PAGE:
Managing DirectorEducation Law, Public and Administrative Law, Community Care, Discriminationjohn@johnfordsolicitors.co.uk+44(0)20 8800 6464London
John qualified almost 40 years ago and was formerly a partner with Bindmans LLP for 7 years before founding John Ford Solicitors. In 1992 John began practising in education law and is now recognised as one of the leading lawyers in this field. A former Executive Member of the Education Law Association and former school Governor, John has an abundance of experience and knowledge to assist his team and clients. John Ford Solicitors merged with Sinclairslaw in August 2018 and John became the Managing Director of the firm.
John is strongly committed to preserving access to justice and championing the rights of individuals. He has found great satisfaction in helping to level the playing field. Being the sole principal of this practice has enabled him to look into specific areas of injustice, sometimes in obscure areas of law which nevertheless have a practical application affecting the interests of large numbers of ordinary people.
R(ER) v Local Government Ombudsman and L B Hillingdon (3rd Party)  EWCA Civ 1407
A six year battle to test the level of compensation recommended by the Ombudsman where there was a failure of the education service, not necessarily arising from maladministration. It was concluded that The Local Government Ombudsman did not have jurisdiction to investigate the consequences of a local authority’s decision if investigation of the decision itself was excluded by the Local Government Act 1974 s.26(6)
In May 2012 John settled a case on behalf of a PGCE student who claimed both disability and racial discrimination, which caused a serious delay in finding her a placement (she is now qualified and was awarded damages in an agreed settlement in the County Court).
R(Scott) v London Borough of Hackney  EWCA Civ 217
Court of Appeal. This was a fairly complex case in which the claimant withdrew or did not pursue some of the issues raised in the original claim and the defendant fulfilled its duties to the claimant on other issues raised by the claim form. Shortly before the hearing it became clear that there was nothing left in the proceedings and so the claimant withdrew. The parties asked the court to determine where the costs should lie. The defendant argued for no order for costs, the claimant sought his costs. The judge at the first instance was unable to ‘confidently conclude’ that the claimant would have won if the matter had proceeded to trial, and so made no order for costs. On appeal the court came to the view that this was a case in which there was no clear winner or loser and so no order for costs was the only way to do overall justice to it.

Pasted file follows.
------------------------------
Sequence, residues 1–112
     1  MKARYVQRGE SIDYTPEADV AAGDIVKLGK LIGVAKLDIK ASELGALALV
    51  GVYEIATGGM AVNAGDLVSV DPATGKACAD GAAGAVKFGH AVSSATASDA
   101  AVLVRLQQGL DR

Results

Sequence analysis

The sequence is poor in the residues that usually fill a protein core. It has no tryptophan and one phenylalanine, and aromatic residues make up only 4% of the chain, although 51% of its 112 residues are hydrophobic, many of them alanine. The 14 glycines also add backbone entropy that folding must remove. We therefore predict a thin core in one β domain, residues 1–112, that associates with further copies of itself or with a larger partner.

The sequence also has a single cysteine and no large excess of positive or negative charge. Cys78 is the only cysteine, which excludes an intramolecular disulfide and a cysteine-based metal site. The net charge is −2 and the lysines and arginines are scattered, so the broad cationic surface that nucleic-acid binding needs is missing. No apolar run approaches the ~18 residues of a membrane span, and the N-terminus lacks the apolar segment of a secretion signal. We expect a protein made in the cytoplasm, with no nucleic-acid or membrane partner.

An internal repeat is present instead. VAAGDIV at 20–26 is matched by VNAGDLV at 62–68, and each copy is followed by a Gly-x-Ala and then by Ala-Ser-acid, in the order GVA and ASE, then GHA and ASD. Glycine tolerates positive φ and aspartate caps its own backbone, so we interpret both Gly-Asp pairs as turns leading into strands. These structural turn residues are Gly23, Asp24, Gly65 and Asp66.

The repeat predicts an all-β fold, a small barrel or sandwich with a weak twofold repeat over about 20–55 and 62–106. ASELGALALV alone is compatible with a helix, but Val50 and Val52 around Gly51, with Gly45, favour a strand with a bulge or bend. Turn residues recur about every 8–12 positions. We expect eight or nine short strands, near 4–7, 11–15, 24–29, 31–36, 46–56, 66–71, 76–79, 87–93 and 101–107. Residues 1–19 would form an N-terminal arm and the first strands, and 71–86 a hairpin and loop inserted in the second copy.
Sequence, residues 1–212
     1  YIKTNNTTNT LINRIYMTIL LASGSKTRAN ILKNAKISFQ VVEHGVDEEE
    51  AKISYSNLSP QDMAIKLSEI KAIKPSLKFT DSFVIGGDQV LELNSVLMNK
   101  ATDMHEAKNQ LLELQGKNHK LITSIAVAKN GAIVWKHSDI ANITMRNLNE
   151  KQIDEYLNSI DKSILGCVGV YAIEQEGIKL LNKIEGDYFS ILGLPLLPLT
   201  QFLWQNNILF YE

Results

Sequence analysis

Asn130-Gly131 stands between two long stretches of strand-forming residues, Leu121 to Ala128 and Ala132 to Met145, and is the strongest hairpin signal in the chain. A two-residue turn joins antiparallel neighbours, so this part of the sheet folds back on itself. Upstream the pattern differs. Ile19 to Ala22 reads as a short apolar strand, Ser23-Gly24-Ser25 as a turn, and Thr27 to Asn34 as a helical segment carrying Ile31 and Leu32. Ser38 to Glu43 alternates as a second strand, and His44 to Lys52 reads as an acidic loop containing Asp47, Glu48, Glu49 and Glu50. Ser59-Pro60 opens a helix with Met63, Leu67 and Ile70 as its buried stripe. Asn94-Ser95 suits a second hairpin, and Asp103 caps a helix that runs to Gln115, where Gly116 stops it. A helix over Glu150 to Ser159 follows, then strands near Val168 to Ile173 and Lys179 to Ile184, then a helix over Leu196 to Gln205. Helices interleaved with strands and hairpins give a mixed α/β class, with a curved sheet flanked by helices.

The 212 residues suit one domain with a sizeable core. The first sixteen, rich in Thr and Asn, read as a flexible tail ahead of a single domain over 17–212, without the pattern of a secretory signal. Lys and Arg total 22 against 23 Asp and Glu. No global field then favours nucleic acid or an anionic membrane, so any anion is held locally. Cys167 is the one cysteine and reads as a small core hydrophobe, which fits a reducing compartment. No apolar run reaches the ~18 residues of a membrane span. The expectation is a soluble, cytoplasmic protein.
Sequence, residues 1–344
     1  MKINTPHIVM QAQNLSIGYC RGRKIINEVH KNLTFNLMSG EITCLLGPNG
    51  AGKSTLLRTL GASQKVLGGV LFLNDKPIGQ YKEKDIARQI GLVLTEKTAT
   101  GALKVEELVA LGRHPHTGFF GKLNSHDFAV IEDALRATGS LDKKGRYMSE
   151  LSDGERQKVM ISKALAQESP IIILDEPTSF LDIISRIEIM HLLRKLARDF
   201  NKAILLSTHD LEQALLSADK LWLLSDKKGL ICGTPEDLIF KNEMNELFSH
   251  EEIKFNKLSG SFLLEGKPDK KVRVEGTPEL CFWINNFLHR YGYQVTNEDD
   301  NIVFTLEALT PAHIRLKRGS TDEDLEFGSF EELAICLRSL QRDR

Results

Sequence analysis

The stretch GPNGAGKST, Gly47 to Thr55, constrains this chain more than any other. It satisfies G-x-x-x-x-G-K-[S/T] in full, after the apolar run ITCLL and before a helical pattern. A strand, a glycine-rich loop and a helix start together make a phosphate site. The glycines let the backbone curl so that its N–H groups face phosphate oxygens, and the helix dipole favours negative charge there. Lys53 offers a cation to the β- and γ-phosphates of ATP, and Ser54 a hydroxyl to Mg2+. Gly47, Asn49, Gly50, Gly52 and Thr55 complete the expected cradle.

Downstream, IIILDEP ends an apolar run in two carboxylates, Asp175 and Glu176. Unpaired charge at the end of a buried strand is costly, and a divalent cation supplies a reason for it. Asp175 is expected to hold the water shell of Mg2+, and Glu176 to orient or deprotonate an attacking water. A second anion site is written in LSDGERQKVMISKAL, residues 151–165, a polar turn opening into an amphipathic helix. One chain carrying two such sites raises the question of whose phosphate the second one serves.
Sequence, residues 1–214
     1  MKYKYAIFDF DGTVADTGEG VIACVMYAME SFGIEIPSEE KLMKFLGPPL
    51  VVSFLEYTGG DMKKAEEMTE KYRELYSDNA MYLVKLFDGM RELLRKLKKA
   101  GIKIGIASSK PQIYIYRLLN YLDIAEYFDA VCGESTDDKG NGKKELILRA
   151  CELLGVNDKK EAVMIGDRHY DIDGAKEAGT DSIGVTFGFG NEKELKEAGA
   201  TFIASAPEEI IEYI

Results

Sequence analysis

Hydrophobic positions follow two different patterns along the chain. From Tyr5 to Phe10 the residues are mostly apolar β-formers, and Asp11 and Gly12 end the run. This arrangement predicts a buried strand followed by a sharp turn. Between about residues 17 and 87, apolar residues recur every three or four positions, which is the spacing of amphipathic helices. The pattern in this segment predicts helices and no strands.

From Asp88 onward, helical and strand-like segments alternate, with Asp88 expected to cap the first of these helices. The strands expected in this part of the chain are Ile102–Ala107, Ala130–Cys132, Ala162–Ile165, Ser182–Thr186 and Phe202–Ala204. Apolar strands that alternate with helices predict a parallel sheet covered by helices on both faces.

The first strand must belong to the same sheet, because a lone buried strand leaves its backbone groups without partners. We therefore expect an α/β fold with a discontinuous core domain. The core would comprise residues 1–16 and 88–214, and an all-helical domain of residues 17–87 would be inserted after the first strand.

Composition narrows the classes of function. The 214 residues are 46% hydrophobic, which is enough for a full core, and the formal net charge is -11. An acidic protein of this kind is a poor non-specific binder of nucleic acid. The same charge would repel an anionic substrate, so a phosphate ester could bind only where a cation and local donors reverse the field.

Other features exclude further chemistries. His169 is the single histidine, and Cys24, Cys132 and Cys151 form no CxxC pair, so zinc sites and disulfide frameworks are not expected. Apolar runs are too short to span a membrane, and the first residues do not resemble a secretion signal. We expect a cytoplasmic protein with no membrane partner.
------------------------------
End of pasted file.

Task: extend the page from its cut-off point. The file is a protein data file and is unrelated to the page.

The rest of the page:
Lady Justice Hallett went on to say that she urges all judges to:
“bear in mind that, when an application for costs is made, a reasonable and proportionate attempt must be made to analyse the situation and determine whether an order for costs is appropriate. I emphasise a reasonable and proportionate attempt, bearing in mind the pressures on the Administrative Court, yet another hard pressed institution. A judge must not be tempted too readily to adopt the fall back position of no order for costs”.
This judgment had great practical importance. It was instrumental in reversing the trend of denying an award of costs to a successful claimant for judicial review having particular significance for legal aid firms and it is now regularly cited in subsequent leading cases on costs.
Publications: Lead author of ‘Education Law and Practice’ (3rd Edition, Jordans, January 2010) which remains the lead textbook in the area of education law. John is currently working on updates for a new edition.
Articled Joynson Hicks; qualified 1975; Bindman and Partners 1975, partner 1978-1985; set up John Ford Solicitors as sole practitioner 1985.
Education Law Association, Legal Action Group